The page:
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Montana Trial Lawyers Association, Montana Conservation Voters, Montanans for Corporate Accountability, and Montana League of Rural Voters   Can States regulate corporate political
speech more broadly by the Fourteenth Amendment than Congress is allowed to regulate such speech by the First Amendment?

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Eight retired Justices of the Montana Supreme Court who have run nonpartisan statewide campaigns for election assert there is a compelling state interest in preserving a fair and independent judiciary. Enormous special interest expenditures in state judicial elections are threatening one of the Constitution’s most central guarantees – the right to due process and a fair trial.

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U. S. Representatives Brady, Van Hollen and Lofgren.  As Members of Congress, each has a strong  interest in ensuring that our electoral process is not  corrupted by lack of disclosure, transparency, or accountability in political spending.   

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Free Speech for People, the American Sustainable Business Council, Novak & Novak, Inc., d/b/a Mike’s Thriftway, The American Independent Business Alliance. The Citizens United decision relied on several largely unchallenged assumptions: 1. That unlimited “independent” spending on elections never leads to corruption or the appearance of corruption; second.  2. That corporations are entitled to the same First Amendment rights as actual people.  3. Preventing unlimited expenditures from drowning out the citizens' voices serves no governmental interest.   

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Montana reply brief.  

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Other Briefs concerning Citizens United

Fourteen nonprofit, nonpartisan organizations that support effective campaign finance disclosure laws to ensure transparency and protect the integrity of government. The U.S. Supreme Court invalidated a longstanding federal law prohibiting corporate independent expenditures on the assumption that such expenditures do not give rise to corruption or the appearance of corruption.” But, undisclosed money in politics gives rise to corruption and the appearance of corruption. Current law accommodates close relationships between candidates and “independent” spenders.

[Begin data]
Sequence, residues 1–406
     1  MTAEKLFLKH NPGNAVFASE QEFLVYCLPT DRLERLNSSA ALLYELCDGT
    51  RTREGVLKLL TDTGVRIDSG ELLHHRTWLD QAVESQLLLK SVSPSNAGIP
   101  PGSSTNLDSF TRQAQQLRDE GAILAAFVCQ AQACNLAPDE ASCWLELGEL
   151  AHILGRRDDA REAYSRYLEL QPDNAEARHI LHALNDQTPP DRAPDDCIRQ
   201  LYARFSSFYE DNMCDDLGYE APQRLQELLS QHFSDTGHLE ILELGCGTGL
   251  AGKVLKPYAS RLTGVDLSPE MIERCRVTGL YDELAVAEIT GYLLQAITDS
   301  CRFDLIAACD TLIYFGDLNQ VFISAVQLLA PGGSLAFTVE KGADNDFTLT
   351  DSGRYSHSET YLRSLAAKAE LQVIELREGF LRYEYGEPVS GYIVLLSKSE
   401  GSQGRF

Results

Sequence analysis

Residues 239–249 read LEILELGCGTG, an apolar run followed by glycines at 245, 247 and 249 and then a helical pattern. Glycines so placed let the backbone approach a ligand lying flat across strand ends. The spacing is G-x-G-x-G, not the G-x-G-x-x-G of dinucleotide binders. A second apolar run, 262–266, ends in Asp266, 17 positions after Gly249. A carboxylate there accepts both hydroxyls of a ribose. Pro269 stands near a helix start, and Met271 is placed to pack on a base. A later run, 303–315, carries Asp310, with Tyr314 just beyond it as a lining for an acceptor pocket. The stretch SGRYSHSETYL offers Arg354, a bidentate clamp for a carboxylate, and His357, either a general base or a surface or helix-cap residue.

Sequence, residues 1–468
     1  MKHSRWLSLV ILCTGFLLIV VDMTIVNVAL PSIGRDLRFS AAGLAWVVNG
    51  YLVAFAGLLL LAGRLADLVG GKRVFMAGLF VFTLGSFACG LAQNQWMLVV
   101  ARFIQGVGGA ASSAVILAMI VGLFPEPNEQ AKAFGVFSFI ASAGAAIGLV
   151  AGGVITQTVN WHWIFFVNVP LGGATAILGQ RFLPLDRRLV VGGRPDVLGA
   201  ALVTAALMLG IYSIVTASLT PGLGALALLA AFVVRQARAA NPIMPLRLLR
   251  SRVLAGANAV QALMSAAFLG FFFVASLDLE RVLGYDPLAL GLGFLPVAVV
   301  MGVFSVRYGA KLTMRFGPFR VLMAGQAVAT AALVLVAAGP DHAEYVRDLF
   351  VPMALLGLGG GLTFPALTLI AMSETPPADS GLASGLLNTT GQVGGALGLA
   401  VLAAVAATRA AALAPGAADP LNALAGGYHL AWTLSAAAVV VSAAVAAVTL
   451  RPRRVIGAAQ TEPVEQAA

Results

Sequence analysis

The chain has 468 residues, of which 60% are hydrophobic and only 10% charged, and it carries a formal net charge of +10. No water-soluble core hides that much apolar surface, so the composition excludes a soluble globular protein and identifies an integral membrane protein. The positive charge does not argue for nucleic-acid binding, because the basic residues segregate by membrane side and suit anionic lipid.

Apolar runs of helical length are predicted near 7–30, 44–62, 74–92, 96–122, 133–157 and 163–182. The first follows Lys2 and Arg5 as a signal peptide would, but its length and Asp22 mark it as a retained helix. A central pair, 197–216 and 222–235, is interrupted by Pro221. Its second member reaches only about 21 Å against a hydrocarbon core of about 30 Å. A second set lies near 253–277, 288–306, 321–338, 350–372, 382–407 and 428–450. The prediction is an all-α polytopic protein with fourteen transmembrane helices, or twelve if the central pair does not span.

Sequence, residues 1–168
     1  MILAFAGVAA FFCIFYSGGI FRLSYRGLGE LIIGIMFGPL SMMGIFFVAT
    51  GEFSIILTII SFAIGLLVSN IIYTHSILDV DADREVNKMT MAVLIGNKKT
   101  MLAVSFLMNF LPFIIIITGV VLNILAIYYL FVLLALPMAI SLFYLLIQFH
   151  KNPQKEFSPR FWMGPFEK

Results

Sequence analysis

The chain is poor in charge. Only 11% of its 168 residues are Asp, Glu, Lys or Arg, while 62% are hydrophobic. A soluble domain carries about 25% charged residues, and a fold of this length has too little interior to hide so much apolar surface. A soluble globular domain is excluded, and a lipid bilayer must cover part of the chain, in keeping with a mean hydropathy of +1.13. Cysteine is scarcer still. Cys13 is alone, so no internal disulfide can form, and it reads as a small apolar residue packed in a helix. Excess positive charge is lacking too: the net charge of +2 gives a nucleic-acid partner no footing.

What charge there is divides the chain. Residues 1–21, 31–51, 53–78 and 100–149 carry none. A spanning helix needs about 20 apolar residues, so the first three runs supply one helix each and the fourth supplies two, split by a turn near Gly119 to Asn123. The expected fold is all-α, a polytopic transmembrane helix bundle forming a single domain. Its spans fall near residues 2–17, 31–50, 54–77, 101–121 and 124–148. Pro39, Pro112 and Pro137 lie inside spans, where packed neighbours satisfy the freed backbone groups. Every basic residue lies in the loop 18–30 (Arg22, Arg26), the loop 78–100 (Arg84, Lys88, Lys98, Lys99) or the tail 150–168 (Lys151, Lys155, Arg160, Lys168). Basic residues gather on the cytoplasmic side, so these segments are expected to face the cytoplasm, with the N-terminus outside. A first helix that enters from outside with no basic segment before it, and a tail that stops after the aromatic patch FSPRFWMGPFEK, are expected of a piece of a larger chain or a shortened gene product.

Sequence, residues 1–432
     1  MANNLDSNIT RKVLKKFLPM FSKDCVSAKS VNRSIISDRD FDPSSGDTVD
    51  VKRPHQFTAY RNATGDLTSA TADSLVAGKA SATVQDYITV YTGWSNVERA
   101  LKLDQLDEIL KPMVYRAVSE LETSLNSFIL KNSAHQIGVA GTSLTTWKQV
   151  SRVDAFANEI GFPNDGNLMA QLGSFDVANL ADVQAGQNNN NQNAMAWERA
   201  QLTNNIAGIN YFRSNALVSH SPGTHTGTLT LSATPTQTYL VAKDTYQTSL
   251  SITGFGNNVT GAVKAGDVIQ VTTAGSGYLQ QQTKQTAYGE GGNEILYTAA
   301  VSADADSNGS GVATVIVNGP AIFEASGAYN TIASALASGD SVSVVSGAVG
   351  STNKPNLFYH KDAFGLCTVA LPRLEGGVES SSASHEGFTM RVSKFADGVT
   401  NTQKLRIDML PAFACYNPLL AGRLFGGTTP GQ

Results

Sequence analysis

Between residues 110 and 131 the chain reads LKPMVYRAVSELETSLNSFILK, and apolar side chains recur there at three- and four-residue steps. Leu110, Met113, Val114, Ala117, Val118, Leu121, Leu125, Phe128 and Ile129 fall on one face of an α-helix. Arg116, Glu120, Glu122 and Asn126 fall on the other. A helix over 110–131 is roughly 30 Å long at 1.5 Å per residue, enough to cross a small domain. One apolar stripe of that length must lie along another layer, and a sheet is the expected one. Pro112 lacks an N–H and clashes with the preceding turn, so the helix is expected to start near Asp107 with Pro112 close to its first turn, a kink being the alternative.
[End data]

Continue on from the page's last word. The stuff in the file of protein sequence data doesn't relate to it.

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Former officers and employees of the Federal Election Commission and state and local agencies responsible for enforcing campaign finance laws to protect our nation’s elections from the corrupting effects of unrestrained financing of political campaigns. The broad interpretations of Citizens United have resulted in electoral expenditures that are independent only in the sense that they are not “coordinated” with a candidate. “Super PACs” have arisen now that there are no limits on independent expenditures of corporations but limits on other contributors.

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ACLU lists reasons that the Citizens United decision is not working to promote promote fair elections.

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U.S. Senator Sheldon Whitehouse of Rhode Island and U.S. Senator John McCain of Arizona who see the issue as elected officials with knowledge of the effects of unlimited independent election expenditures on our legislative system and our democracy. In light of the huge sums currently deployed to buy candidates’ allegiance, should Citizens United continue to hold sway,” The appearance of corruption undermines trust and participation in our elections, the opportunity for corruption makes the legislative process more difficult, and both diminish the standing of our democracy in the eyes of the world.